As #Hellerball trends up, Hawkeyes still chasing Illini

Chad Leistikow
Iowa catcher Jimmy Frankos (16) celebrates with his teammates after driving in the game-winning run in the 10th inning Sunday to beat Nebraska 3-2 in the first game of a doubleheader. The Hawkeyes went on to sweep the series and are 13-2 in Big Ten Conference play.

As the amazing run continues, the question shifts: How high can this Iowa baseball team climb?

Believe it or not, the Hawkeyes (30-11 overall) have actually lost ground In the Big Ten Conference standings while winning seven of their past eight league games. At 13-2 in the Big Ten following a three-game sweep of Nebraska, they're a half-game behind first-place Illinois (36-6, 13-1), which has won school-record 17 in a row overall.

Since Illinois isn't one of eight Big Ten opponents on their 24-game Big Ten schedule, the Hawkeyes need to win and get help in order to win their first conference title since 1990.

Up next is a crucial three-day weekend — Illinois visits third-place Ohio State (31-10, 12-3), while Iowa travels to fifth-place Michigan (27-17, 11-7).

"There's nothing we can do to control it," Iowa second-year coach Rick Heller said of the Fighting Illini. "They're good. We all knew they were loaded this year. It's not surprising what they're doing by any stretch. Their pitching is unbelievable."

Regardless of whether Iowa can keep the good times rolling, as it did with three home wins over Nebraska in just more than 24 hours, it's looking more and more like the Hawkeyes are on the doorstep of something big — qualifying for the NCAA regional tournament for just the fourth time in school history.

Iowa's profile continues to ascend as it climbs in the national polls (up to 15th via Collegiate Baseball and 16th by Baseball America), and its top-30 RPI would entrench its case to be among the 64 teams playing for eight spots in the College World Series.

"You have to finish it out," Heller said. "You have to play well down the stretch and hopefully make a good showing in the conference. If that happens, I don't know why we wouldn't (be an NCAA qualifier)."

Against the Cornhuskers, Iowa got it done with pitching, defense and timely hits. (On Twitter, that's also known as #Hellerball.)

Junior catcher Jimmy Frankos was named co-Big Ten player of the week Monday; it was his walk-off single that won Sunday's doubleheader opener 3-2 in 10 innings.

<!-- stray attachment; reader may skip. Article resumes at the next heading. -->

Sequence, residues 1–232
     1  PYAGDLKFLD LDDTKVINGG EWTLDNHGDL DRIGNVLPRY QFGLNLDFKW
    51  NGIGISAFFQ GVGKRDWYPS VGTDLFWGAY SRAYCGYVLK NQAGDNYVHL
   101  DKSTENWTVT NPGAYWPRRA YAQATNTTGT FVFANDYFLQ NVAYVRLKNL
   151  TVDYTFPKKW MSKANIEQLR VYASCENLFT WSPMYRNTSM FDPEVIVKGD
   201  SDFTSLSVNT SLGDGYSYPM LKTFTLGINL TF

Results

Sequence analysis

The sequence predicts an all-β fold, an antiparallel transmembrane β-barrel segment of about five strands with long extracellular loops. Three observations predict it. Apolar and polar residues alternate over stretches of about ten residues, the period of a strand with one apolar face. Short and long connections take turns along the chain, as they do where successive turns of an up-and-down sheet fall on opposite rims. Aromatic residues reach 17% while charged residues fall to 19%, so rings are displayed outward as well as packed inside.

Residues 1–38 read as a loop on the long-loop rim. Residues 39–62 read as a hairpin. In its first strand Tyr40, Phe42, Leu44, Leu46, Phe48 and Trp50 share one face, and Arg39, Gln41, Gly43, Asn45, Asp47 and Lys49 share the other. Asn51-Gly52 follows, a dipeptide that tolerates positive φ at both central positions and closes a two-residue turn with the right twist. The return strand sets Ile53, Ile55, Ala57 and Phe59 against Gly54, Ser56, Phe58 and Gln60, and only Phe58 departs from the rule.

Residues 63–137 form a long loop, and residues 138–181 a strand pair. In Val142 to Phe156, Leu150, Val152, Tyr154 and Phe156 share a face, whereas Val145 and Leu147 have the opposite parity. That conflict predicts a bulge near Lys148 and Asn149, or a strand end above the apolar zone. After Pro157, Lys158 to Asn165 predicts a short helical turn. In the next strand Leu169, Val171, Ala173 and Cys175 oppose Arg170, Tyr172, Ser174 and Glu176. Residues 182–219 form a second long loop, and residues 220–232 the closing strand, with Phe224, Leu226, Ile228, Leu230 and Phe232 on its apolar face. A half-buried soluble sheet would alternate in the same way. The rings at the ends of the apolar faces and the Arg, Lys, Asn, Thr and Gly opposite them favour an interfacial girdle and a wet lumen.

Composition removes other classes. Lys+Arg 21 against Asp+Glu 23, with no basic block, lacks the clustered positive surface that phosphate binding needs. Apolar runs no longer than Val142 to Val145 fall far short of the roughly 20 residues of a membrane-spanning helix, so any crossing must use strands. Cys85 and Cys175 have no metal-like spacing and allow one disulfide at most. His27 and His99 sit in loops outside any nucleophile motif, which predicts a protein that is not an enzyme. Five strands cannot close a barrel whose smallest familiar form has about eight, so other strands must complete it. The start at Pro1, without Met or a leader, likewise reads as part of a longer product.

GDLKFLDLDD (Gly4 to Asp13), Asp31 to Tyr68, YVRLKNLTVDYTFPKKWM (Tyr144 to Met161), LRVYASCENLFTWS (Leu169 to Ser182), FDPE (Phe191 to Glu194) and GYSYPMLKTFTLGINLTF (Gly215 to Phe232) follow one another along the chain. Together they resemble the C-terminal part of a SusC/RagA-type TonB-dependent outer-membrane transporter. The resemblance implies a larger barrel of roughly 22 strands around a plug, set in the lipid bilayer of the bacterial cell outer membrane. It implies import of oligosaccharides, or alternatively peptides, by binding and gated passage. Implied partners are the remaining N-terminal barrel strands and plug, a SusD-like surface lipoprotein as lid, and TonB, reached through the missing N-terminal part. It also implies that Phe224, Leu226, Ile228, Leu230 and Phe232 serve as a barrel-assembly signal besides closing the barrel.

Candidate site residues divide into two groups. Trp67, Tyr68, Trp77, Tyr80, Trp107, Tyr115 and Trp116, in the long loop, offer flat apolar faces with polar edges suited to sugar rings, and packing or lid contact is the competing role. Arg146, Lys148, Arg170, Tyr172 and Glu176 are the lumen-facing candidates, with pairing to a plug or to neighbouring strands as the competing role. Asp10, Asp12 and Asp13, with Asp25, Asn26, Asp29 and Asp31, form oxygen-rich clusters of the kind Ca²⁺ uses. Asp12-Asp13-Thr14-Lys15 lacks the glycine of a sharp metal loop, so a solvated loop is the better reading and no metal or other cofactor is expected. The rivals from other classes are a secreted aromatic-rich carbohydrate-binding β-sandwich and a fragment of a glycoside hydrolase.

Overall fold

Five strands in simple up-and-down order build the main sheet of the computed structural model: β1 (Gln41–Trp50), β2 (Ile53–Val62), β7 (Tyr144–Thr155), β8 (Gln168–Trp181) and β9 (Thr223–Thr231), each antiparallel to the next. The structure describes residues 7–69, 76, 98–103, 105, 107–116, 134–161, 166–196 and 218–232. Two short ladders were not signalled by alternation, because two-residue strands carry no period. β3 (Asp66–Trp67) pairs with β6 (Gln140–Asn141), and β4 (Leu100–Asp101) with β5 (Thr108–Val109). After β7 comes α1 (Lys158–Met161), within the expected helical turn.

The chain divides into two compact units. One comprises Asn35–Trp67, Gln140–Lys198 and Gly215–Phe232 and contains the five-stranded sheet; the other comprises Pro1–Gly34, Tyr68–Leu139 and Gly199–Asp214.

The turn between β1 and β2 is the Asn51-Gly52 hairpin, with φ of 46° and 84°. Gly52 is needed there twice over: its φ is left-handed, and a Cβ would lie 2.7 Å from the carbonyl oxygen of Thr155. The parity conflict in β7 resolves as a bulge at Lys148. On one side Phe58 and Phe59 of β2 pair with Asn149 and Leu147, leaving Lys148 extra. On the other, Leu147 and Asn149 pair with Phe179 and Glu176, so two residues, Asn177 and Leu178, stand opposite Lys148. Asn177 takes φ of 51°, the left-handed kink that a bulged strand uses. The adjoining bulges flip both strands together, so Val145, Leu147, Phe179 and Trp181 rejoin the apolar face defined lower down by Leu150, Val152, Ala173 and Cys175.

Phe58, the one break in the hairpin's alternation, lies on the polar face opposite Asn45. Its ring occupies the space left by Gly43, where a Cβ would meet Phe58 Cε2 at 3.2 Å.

And in the series finale, No. 1 starting pitcher Tyler Peyton of Grimes battled through a foot injury to deliver one of his best performances (81/3 innings, nine strikeouts) in a 5-1 win before a sellout crowd of 2,506 at Duane Banks Field.

"It's definitely a testament to the toughness of the guys," Heller said. "The atmosphere and intensity of those games was off the charts."

Iowa hosts Sacramento State (22-21) at 4:05 p.m. Tuesday, but its rotation for Michigan is uncertain. Heller said regular Saturday starter Blake Hickman (5-0 in five Big Ten starts) will pitch Friday night, with the hope that Peyton is OK by Saturday. Heller prefers to keep Calvin Mathews in his usual Sunday spot.

"We all know how fine that line is between winning and losing, if you look at our games," Heller said of his Hawkeyes, who are 12-5 in games decided by two runs or less and 3-0 in extra innings. "Anybody can beat anybody if you don't show up and play. We've got a huge week at Michigan, which I think is going to be one of our toughest challenges of the season."


Who the top contenders play in the final three weekends (all three-game series) in the conference season (with Big Ten records):

• Illinois (13-1)* — at Ohio State (12-3), vs. Rutgers (5-10), vs. Nebraska (6-9).

• Iowa (13-2) — at Michigan (11-7), vs. Minnesota (7-11), at Rutgers (5-10).

• Ohio State (12-3) — vs. Illinois (13-1), vs. Maryland (11-4), at Indiana (6-10).

• Maryland (11-4) — vs. Indiana (6-10), at Ohio State (12-3), at Northwestern (4-11).

• Michigan (11-7) — vs. Iowa (13-2), vs. Northwestern (4-11).

*Illinois' series against Indiana was shortened to two games because of weather. The lost game won't be made up.